|dGPU - GT 750M||eGPU - GTX 1050 Ti (internal LCD)|
FPS: min 8.89, avg 10.44, max 13.00
FPS: min 30.02 (x 3.37), avg 37.30 (x 3.61), max 47.83 (x 3.67)
|1080p extreme (note: severely bottlenecked by memory)
FPS: min 1.97, avg 2.20, max 2.38
FPS: min 8.12 (x 4.12), avg 9.52 (x 4.32), max 10.97 (x 4.60)
FPS: min 21.43, avg 29.61, max 40.91
FPS: min 62.27 (x 2.90), avg 98.49 (x 3.32), max 141.51 (x 3.45)
The 1080p medium is probably the most fair comparison, and from it we can reasonably expect a 3.5x boost in FPS. Not bad, and using external monitors would likely see further improvement.
Judging by the leaderboards for this benchmark, we're running at no less than 81% efficiency when compared to a regular PC setup. That's pretty good!
As I mentioned, this is a work in progress, with plenty of issues to iron out.
- I wrote my own batch scripts with the intention to automate the enabling/disabling of GPU, but somehow unless I explicitly use the device manager GUI, I stumble across the dreaded error 12.
- Inconsistent boot - following my initial experience, I had to time plugging in the enclosure with the startup chime, and even then it's a gamble. Black screens can occur during shutdown, too.
- the GT750M is not recognised in OS X now, no matter how I boot it. Can't decide how important this issue is for me, but I'll try to fix it nonetheless.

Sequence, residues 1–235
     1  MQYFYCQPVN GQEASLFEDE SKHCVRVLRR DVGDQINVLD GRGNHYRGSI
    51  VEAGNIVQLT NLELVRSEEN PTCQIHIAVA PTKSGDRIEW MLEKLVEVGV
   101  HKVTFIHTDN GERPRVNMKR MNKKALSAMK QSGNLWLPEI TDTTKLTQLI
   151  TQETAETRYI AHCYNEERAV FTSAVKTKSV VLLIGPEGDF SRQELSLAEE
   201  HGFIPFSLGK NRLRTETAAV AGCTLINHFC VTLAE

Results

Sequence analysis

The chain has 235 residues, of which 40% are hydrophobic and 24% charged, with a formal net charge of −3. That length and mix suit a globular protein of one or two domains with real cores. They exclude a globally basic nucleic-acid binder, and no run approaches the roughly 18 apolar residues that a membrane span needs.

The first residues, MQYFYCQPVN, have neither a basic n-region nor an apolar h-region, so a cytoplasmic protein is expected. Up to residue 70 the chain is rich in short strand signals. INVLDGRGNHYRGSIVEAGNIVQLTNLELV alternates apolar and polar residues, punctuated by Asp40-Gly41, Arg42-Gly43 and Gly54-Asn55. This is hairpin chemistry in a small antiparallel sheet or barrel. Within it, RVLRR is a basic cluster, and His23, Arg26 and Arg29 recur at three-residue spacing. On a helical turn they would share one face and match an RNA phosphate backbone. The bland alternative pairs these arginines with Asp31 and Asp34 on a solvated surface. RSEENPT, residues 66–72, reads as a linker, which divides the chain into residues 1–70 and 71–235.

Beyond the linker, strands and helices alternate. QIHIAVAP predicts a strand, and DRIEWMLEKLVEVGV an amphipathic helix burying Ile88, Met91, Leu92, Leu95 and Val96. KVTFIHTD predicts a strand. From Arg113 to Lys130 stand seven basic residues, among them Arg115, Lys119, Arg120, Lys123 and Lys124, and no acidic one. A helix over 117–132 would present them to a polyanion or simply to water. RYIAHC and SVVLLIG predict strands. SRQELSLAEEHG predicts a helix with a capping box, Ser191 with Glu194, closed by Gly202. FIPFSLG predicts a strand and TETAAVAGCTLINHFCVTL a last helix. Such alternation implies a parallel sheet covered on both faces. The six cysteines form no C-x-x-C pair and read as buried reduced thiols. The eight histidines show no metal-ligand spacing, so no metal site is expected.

- I don't know how stable the temps will be, considering I haven't done any modifications to the case.
Thanks to everyone in the community for your sharing your experiences and answering questions - couldn't manage the build without you.
Nice guide - quick question about one of your points that raised an eyebrow for me:
GT750M is not recognized in macOS now - do you not see it in the Graphics/Displays at all or its just that it never switches to discrete GPU?
Indeed, the GT750M is actually listed in System Information at all times – my bad. I noticed though that sometimes the system wouldn't switch to it, causing Chrome and dGPU-dependent apps like games to crash. I haven't been able to consistently replicate this issue until today. I am running 10.11.6, by the way.
Here are the steps I use to replicate the issue on my system:
1. In Win10 booted via rEFInd, enable the dGPU in Device Manager (for example, after finishing a session with the eGPU).
2. Shut down.
3. If the eGPU was plugged in, unplug it.
4. Launch Windows 10 through the rEFInd boot menu and use as normal (not sure if this step is necessary).
5. Reboot into OS X through rEFInd.
Now, OS X cannot use the dGPU. I have replicated this procedure in five consecutive tests. Each time, the resolution was the same.
6. Reboot into OS X again and the issue goes away. The dGPU can be used in OS X as normal.
After the five tests, I ran the procedure twice more, with some modifications:
a) In step 5, boot into OS X via the option (alt) key boot menu. This seemed plausible, and I have use this method to solve boot issues with Windows during the test. Alas, doing this did not make a difference.
b) After step 1, but before step 2, run dedicated.bat (included with gpu-switch). Now, when booting into OS X through rEFInd, I didn't have to go through an extra reboot – the dGPU worked straight away. I'd have to ran this a few more times to see if it's consistent though.